In 2012, the Girl Scouts turn 100, and they’re working to stay more relevant than ever, with new merit badges for website design, financial literacy, entertainment technology (whatever that is) and, my unequivocal favorite, locavorism.

How do Girl Scouts earn the locavore badge? It takes five steps: 1. Explore the benefits and challenges of going local 2. Find your local food sources 3. Cook a simple dish showcasing local ingredients 4. Make a recipe with local ingredients 5. Try a local cooking challenge.

Keep reading …

Wine Miles: Is Terroir at War Against Sustainability?

       We’ve all heard about the locavorism movement. The further food has to travel to reach your home, the less sustainable it is in the grand scheme of things. It takes fossil fuels to move commodities from point A to point B, and the further point A is from point B, the less sustainable that supply system becomes. In the past couple years especially, Americans have become somewhat aware of the overall impact of contemporary food supply and have begun to purchase more and more ingredients from local producers. Restaurateurs have followed a similar approach, beginning to incorporate local ingredients into their menu in order to boost their eco-friendly appeal and attract sustainably conscious consumers. The drive for locally supplied produce has become a necessity (or a significant interest at least)—and this trend just stellar. I couldn’t be more happy that locavorism has developed traction in a world of rampant fuel consumption.   But seriously, why hasn’t the just-as-consumer-conscious wine industry been able to jump on the bandwagon?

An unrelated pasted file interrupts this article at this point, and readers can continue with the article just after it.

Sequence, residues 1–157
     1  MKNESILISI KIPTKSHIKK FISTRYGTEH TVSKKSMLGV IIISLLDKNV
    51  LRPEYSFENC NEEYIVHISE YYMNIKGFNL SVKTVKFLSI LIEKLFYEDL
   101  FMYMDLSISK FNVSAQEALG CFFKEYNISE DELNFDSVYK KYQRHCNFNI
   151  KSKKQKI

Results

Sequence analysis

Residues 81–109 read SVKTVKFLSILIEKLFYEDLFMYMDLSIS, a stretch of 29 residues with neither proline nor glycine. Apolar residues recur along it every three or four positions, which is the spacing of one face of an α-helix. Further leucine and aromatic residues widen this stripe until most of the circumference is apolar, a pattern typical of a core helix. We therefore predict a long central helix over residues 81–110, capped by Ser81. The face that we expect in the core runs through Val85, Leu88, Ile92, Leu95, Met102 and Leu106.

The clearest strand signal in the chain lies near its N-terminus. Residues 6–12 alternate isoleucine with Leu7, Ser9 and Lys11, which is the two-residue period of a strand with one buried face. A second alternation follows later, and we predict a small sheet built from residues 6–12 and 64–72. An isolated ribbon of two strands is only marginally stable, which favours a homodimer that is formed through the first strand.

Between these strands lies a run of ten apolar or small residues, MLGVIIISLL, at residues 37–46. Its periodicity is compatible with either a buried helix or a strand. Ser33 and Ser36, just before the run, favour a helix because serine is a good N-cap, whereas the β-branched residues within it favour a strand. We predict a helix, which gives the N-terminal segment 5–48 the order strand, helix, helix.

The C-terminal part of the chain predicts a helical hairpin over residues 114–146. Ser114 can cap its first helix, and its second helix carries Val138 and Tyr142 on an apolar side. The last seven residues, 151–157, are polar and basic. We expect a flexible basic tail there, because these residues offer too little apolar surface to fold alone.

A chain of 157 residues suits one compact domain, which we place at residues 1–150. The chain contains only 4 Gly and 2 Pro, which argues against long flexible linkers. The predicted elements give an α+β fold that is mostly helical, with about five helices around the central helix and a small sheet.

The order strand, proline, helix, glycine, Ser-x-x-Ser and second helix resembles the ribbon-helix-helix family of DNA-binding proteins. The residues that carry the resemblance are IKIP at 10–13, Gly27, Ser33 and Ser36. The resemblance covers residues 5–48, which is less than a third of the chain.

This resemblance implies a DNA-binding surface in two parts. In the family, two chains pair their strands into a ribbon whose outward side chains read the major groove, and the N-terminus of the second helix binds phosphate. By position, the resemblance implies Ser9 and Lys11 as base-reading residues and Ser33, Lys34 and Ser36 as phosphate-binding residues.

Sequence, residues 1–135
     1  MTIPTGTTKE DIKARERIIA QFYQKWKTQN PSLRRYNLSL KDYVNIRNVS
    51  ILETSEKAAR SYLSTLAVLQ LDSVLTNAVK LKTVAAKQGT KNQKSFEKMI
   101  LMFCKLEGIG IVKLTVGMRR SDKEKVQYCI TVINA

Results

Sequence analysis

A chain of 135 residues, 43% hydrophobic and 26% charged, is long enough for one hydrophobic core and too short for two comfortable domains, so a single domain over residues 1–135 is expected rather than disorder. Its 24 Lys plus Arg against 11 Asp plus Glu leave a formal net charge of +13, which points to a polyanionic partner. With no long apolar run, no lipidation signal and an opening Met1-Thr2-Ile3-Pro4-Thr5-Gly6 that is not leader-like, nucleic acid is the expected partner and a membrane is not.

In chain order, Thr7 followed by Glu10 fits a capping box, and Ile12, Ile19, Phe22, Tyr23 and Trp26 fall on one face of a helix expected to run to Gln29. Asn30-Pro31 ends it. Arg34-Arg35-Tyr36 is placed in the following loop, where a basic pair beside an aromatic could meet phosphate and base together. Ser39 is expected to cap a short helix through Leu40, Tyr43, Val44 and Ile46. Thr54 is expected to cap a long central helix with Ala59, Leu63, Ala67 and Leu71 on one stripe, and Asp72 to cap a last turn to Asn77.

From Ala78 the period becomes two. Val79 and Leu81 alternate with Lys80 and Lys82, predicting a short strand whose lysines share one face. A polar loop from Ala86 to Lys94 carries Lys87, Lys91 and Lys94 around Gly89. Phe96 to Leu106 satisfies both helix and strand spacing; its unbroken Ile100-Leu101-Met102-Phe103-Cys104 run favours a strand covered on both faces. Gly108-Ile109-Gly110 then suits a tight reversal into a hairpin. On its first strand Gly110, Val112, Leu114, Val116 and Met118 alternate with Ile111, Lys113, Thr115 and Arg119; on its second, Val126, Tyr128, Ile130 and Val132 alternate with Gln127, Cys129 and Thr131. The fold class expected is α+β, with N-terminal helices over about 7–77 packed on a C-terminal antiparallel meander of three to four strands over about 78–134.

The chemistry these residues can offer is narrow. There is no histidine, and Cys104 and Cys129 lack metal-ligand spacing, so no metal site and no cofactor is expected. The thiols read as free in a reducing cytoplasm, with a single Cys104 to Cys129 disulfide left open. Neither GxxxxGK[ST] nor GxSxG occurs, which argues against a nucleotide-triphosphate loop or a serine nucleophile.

In some sense, drinking locally should have come far before eating locally. When you think about it, importing wine from France is just about as practical as importing drinking water from Fiji. Fact is, 750 milliliters of wine weighs 1.65 pounds, and when you factor in the weight of glass, foil, and packaging, we’re really looking at a solid four pounds a bottle. That’s almost 50 pounds a case, and at about 60 million cases being imported into the United States annually—that’s a lot of weight and a lot of wine miles. Which means a lot of fossil fuels.

        But before we dissect the idiosyncrasies of wine transport and consumption, first, I think it is important to stipulate that the needs and desires of restaurant buyers, and consumers purchasing wine at retail, are in fact quite different. In the restaurant business, the individual delegated to purchase wine (whether that’s the sommelier, wine director, general manager, ect.), has several responsibilities to the restaurant and its patrons that do not fall on a consumer walking into a wine shop.